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Publication numberUS20080291826 A1
Publication typeApplication
Application numberUS 11/753,312
Publication dateNov 27, 2008
Filing dateMay 24, 2007
Priority dateMay 24, 2007
Also published asCN101682442A, EP2158708A1, EP2158708A4, EP2158708B1, US7756029, US8264959, US20100246396, WO2008144774A1
Publication number11753312, 753312, US 2008/0291826 A1, US 2008/291826 A1, US 20080291826 A1, US 20080291826A1, US 2008291826 A1, US 2008291826A1, US-A1-20080291826, US-A1-2008291826, US2008/0291826A1, US2008/291826A1, US20080291826 A1, US20080291826A1, US2008291826 A1, US2008291826A1
InventorsSergio Licardie, Chaoming Zeng
Original AssigneeHarris Stratex Networks Operating Corporation
Export CitationBiBTeX, EndNote, RefMan
External Links: USPTO, USPTO Assignment, Espacenet
Dynamic Load Balancing for Layer-2 Link Aggregation
US 20080291826 A1
Abstract
Load balancing for layer-2 link aggregation involves initial assignment of link aggregation keys (LAGKs) and reassignment of LAGKs when a load imbalance condition that merits action is discovered. Load conditions change dynamically and for this reason load balancing tends to also be dynamic. Load balancing is preferably performed when it is necessary. Thus an imbalance condition that triggers load balancing is preferably limited to conditions such as when there is frame drop, loss of synchronization or physical link capacity exceeded.
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Claims(31)
1. A method for providing dynamic load balancing in a data communications system, comprising:
creating a link aggregation group in a data communications system with a plurality of physical links each of which having a capacity for transporting egress data or any part thereof, the link aggregation group formed by combining two or more of the plurality of physical links into a single logical link for egress data;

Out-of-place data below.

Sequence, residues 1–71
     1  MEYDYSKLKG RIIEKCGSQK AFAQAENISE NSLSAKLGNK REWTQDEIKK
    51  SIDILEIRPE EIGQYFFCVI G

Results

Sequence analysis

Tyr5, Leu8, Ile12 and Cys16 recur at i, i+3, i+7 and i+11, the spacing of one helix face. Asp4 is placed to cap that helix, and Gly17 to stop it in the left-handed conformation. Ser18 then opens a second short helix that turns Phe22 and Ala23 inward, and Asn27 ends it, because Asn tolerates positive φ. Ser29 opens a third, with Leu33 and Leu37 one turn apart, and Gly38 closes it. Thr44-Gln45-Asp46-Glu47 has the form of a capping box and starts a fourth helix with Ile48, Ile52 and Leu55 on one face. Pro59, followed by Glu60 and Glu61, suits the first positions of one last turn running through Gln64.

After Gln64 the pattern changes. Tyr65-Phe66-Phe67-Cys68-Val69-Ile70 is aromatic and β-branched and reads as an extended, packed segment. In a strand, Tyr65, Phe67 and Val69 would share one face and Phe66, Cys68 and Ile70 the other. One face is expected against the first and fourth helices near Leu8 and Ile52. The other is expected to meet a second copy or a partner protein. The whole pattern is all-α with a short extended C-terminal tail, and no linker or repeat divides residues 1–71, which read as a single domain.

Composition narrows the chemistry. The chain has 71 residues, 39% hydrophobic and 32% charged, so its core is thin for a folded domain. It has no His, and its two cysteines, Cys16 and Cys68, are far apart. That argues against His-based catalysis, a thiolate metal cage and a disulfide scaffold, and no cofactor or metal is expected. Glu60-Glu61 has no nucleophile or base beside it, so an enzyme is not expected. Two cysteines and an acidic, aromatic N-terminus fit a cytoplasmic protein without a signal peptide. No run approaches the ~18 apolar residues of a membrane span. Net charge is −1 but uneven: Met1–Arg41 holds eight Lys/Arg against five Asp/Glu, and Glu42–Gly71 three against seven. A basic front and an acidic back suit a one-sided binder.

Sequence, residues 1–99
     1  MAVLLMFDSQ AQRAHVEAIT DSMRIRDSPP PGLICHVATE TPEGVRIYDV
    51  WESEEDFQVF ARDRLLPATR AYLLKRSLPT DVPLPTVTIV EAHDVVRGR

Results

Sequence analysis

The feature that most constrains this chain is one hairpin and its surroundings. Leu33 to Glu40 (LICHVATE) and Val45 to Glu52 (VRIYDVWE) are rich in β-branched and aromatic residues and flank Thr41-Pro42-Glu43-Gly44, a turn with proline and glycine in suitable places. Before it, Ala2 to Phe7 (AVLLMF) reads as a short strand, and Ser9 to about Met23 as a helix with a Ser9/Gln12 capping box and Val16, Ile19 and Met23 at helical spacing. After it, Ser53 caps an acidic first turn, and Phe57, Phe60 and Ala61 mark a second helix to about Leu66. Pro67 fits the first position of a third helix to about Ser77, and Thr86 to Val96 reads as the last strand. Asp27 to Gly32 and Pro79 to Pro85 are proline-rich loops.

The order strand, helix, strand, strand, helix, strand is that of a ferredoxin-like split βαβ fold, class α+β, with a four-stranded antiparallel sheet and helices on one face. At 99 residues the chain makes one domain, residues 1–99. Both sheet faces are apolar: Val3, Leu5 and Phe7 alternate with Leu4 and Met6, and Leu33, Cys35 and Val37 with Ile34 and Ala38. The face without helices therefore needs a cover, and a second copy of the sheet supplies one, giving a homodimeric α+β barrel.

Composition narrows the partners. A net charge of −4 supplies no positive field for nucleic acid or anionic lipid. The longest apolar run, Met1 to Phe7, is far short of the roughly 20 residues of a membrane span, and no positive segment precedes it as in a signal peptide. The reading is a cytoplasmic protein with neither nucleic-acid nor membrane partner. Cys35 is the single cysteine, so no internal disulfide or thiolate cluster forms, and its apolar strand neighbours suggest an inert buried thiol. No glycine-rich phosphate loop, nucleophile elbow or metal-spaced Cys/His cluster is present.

allocating to the link aggregation group a set of link aggregation keys with each link aggregation key being assigned to a particular one of the physical links in the link aggregation group;
deriving from egress data a data rate for each of the link aggregation keys; and
performing dynamic load balancing based on the data rates and capacities of the physical links in the link aggregation group.
2. The method of claim 1, wherein the dynamic load balancing includes detecting conditions that trigger load balancing.
3. The method of claim 2, wherein the conditions include a frame drop associated with an egress buffer overflow status.
4. The method of claim 3, wherein the dynamic load balancing further includes monitoring the egress buffer overflow status.
5. The method of claim 1, wherein the dynamic load balancing includes monitoring traffic loads based on egress data and accumulating the data rates for calculating the traffic loads.